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I'm fairly novice with C++'s strings so the following pattern may be a little fugly. I'm reviewing some code I've written before beginning integration testing with a larger system. What I'd like to know is if it is safe, or if it would be prone to leaking memory?

string somefunc( void ) {
    string returnString;
    returnString.assign( "A string" );
    return returnString;

void anotherfunc( void ) {
    string myString;
    myString.assign( somefunc() );
    // ...

The understanding I have is that the value of returnString is assigned to a new object myString and then the returnString object is destroyed as part of resolving the call to somefunc. At some point in the future when myString goes out of scope, it too is destroyed.

I would have typically passed a pointer to myString into somefunc() and directly assigned to values to myString but I'm striving to be a little clearer in my code ( and relying on the side effect function style less ).

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In the first function, you could probably just do "return string("A string");" and have the same result. –  luiscubal Aug 22 '11 at 15:56
@luiscubal This is a simplified example to illustrate the problem. –  Stephen Aug 22 '11 at 16:00
@luiscubal even return "A string"; is fine since std::string are constructible with c strings. –  log0 Aug 22 '11 at 16:01
@Ugo True, I forgot about that. –  luiscubal Aug 22 '11 at 17:51

5 Answers 5

up vote 8 down vote accepted

Yes, returning a string this way (by value) is safe,albeit I would prefer assigning it this way:

string myString = somefunc();

This is easier to read, and is also more efficient (saving the construction of an empty string, which would then be overwritten by the next call to assign).

std::string manages its own memory, and it has properly written copy constructor and assignment operator, so it is safe to use strings this way.

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Yes by doing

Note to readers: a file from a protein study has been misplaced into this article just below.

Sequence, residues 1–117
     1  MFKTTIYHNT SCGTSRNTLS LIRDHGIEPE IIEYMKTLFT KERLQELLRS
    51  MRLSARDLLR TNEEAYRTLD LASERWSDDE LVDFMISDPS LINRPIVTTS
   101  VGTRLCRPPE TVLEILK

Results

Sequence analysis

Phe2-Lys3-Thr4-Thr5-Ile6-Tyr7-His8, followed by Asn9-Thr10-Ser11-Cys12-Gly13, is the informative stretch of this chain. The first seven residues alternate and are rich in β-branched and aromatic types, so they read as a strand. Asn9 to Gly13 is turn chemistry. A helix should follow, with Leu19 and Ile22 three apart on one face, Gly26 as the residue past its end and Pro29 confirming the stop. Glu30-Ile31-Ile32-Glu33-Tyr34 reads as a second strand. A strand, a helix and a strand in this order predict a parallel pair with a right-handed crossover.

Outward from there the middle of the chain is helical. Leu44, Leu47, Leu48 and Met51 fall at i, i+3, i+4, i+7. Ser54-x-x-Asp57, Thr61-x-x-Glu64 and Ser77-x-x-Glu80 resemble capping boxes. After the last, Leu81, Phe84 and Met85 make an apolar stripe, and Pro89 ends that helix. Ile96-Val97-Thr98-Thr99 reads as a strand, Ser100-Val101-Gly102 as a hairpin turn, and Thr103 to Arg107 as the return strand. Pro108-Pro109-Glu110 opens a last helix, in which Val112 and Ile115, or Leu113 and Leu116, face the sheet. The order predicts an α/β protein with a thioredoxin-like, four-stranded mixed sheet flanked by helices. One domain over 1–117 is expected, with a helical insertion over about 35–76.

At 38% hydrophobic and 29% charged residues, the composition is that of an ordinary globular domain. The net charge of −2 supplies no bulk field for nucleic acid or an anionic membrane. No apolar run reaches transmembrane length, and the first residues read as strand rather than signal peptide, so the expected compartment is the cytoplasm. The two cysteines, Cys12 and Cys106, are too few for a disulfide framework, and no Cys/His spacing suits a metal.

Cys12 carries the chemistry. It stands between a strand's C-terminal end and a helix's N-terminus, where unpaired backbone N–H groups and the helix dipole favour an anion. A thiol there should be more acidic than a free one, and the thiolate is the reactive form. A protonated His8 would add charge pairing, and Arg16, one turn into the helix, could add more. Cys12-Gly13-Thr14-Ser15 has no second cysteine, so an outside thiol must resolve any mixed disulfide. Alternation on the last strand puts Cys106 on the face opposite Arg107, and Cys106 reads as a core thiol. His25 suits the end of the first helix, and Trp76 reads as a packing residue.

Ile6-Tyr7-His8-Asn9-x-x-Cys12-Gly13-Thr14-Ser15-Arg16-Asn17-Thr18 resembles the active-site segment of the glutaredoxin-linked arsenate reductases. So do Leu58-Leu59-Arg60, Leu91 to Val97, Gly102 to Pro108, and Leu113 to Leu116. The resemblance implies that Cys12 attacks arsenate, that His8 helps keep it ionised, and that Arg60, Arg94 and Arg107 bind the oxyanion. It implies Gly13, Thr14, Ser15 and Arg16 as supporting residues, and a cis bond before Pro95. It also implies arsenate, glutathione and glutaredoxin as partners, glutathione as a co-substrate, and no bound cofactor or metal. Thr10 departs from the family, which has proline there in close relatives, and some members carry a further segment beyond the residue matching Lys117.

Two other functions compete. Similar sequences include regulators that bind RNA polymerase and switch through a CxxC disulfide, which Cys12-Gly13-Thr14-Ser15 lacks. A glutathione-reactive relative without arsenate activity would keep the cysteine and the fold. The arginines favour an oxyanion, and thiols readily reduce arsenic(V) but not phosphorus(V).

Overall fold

return returnString

You are invoking the string's copy constructor. Which performs a copy* of returnString into the temporary (aka rValue) that takes the place of "somefunc()" in the calling expression:

   myString.assign( somefunc() /*somefunc()'s return becomes temporary*/);

This is in turn passed to assign and used by assign to perform a copy into myString.

So in your case, the copy constructor of string guarantees a deep copy and ensures no memory leaks.

* Note this may or may not be a true deep copy, the behavior of the copy constructor is implementation specific. Some string libraries implement copy-on-write which has some internal bookkeeping to prevent copying until actually needed.

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Actually, whether a deep copy is performed or not is entirely up to the particular Standard Library implementation you are using. GCC is using COW, so the copy constructor simply implies incrementing a counter. –  Matthieu M. Aug 22 '11 at 16:16
@Matthieu good point I clarified my answer. Thanks. –  Doug T. Aug 22 '11 at 17:33

You're completely safe because you're returning the string by value, where the string will be "copied", and not by reference. If you were to return a std::string &, then you'd be doing it wrong, as you'd have a dangling reference. Some compilers, even, might perform return value optimization, which won't even really copy the string upon return. See this post for more information.

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Yes, it's (at least normally) safe. One of the most basic contributions of almost any reasonable string class is the ability to act like a basic value for which normal assignment, returns, etc., "just work".

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As you said a string returnStringis created inside somefunc and a copy is given back when the function returns. This is perfectly safe.

What you want is to give a reference to myString to somefunc (don't use pointer). It will be perfectly clear:

void somefunc( string& myString ) {
  myString.assign( "A string" );

void anotherfunc( void ) {
  string myString;
  // ...
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This bypasses the return value optimizations generally performed by the compilers, so it is not an improvement. –  Bo Persson Aug 22 '11 at 16:04
@Bo Persson I never spoke about performance improvement. –  log0 Aug 22 '11 at 16:10
What you want is to... why do you say that? I see little advantage to your code over what he's doing. –  Mooing Duck Aug 22 '11 at 17:29
@Mooing Duck He said using pointers was not clear enough. –  log0 Aug 22 '11 at 17:36
oh, that makes sense then. –  Mooing Duck Aug 22 '11 at 17:37

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